“The chief purpose of life … is to increase according to our capacity our knowledge of God by all the means we have, and to be moved by it to praise and thanks. To do as we say in the Gloria in Excelsis ... We praise you, we call you holy, we worship you, we proclaim your glory, we thank you for the greatness of your splendor.” J.R.R. Tolkien

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Re: Be A Better Writer--ALLUSION

Postby JayDavidKing » Mon Nov 04, 2013 5:23 pm

Jan, I am linking to a challenge piece because I have a question. In this piece I (hopefully) alluded to the plan of salvation throughout all of it. After reading your description of Allusion, I am doubting whether it really is allusion. Perhaps the "blood red spot at the center" is an allusion but NOT the entire article. Am I correct... or not? Rules of the Game http://www.faithwriters.com/wc-article- ... p?id=25721

Allusion assignment: The President's strong faith-based optimism had been totally misunderstood by his constituents... finally he understood Pollyanna.

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Re: Be A Better Writer--ALLUSION

Postby glorybee » Mon Nov 04, 2013 5:39 pm

JayDavidKing wrote:Jan, I am linking to a challenge piece because I have a question. In this piece I (hopefully) alluded to the plan of salvation throughout all of it. After reading your description of Allusion, I am doubting whether it really is allusion. Perhaps the "blood red spot at the center" is an allusion but NOT the entire article. Am I correct... or not? Rules of the Game http://www.faithwriters.com/wc-article- ... p?id=25721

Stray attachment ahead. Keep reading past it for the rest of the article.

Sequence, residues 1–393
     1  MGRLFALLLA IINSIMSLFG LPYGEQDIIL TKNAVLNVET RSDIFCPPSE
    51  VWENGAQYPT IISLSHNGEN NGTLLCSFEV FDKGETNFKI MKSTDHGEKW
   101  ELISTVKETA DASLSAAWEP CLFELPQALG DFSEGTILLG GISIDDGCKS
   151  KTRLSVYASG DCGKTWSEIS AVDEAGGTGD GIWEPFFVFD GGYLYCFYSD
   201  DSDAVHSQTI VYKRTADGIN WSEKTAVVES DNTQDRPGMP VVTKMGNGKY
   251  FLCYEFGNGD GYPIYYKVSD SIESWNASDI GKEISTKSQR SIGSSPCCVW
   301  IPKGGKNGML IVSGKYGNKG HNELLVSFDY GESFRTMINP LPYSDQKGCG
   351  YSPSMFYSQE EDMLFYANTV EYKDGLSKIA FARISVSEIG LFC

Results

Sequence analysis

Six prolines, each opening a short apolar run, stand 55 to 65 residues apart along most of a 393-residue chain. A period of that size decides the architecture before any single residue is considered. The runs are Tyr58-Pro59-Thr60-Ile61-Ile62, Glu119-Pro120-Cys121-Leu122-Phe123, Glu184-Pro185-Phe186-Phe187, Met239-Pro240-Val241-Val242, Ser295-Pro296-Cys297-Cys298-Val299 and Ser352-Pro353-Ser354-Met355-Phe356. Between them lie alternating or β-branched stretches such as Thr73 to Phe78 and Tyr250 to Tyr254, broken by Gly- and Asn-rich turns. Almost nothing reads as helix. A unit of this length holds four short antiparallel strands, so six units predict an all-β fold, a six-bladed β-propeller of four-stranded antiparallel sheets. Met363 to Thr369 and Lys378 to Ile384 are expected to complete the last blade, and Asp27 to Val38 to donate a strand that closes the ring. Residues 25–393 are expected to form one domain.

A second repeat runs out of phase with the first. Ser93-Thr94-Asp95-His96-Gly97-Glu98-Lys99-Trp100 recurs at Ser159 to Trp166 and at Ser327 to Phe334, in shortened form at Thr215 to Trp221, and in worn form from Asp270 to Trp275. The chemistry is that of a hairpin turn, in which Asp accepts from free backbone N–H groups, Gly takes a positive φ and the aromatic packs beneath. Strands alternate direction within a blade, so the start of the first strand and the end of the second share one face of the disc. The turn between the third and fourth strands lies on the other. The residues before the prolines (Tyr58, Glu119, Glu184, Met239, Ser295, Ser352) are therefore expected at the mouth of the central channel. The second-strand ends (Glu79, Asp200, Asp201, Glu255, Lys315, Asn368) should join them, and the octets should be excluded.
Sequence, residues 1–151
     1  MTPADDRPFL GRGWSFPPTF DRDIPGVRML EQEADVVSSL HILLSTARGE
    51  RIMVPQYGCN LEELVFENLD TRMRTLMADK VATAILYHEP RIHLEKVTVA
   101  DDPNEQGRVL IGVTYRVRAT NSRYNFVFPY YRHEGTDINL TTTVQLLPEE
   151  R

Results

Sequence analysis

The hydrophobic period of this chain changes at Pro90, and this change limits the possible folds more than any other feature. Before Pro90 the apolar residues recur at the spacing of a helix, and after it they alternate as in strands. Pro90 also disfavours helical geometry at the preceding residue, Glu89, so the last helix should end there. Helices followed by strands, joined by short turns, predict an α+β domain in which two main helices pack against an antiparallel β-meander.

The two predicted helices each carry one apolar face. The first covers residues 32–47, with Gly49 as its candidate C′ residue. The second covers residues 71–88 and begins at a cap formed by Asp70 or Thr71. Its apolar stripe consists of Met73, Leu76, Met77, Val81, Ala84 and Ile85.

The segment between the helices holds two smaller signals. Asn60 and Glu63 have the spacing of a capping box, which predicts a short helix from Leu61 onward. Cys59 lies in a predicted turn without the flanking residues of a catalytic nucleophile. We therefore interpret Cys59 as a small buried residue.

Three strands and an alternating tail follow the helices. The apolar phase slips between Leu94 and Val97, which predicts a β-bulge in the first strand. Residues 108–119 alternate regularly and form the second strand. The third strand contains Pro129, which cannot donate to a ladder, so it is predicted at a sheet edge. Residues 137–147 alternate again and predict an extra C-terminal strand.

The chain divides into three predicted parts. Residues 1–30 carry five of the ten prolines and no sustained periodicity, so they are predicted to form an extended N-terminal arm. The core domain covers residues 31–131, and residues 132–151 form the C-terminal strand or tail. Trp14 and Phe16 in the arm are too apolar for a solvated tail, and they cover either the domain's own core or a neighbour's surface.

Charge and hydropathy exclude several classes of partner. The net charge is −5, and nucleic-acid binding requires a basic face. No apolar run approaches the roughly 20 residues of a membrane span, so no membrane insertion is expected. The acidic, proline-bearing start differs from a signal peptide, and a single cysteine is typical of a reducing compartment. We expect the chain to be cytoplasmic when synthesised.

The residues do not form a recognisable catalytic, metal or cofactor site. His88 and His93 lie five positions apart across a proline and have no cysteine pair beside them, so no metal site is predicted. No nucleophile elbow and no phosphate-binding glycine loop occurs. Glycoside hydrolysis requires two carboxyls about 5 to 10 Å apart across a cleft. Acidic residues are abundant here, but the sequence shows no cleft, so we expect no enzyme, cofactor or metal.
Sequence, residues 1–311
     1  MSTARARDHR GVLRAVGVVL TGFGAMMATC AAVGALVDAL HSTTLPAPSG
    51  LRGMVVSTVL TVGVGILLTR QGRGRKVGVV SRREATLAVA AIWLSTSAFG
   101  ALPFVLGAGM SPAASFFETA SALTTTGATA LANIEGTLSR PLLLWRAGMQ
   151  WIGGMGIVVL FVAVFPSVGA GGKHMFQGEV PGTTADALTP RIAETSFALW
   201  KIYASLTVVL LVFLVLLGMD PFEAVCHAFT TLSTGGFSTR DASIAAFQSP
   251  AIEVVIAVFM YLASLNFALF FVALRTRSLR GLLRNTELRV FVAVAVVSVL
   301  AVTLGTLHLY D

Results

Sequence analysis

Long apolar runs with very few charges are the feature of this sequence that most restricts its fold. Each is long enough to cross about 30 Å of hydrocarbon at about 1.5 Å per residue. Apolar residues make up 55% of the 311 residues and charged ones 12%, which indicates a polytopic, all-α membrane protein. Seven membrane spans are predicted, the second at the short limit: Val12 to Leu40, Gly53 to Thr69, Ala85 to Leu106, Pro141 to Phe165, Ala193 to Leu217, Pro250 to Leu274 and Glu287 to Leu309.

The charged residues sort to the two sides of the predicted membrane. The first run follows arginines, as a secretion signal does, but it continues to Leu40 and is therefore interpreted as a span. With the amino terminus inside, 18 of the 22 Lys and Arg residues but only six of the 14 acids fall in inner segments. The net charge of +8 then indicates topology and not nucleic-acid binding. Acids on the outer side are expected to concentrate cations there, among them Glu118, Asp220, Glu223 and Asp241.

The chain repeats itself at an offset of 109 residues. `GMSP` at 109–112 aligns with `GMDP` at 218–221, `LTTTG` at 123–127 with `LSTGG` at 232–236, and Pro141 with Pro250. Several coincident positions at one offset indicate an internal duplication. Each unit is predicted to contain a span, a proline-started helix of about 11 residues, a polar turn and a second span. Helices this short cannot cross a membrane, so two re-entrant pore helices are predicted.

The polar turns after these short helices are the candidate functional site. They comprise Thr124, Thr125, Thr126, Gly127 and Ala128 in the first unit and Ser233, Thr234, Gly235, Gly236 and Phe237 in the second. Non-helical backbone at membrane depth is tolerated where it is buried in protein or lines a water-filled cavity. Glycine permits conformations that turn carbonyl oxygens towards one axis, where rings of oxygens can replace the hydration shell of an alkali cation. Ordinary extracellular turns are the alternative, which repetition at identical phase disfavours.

Allusion assignment: The President's strong faith-based optimism had been totally misunderstood by his constituents... finally he understood Pollyanna.


Jay, I think you're right that the entire piece isn't really an allusion. It's more like an extended metaphor, comparing a person's life to a game. The allusion might actually be to the board game that really exists, called The Game of Life, in which players marry, start careers, buy homes, etc. Your version of The Game of Life is a spiritual one, but anyone who has played the board game might draw some parallels with it.

The "blood red spot at the center" might be considered an allusion to 1 John 1:7.

I like your assignment with the allusion to Pollyanna. Very well done!
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Re: Be A Better Writer--ALLUSION

Postby Caleb Cheong » Tue Nov 05, 2013 4:03 am

Answer to (1) And (4)


Hi Jan!


(1) I came across an allusion made by Lincoln to the Declaration of Independence when he spoke of " a nation dedicated to the preposition that all men are created equal."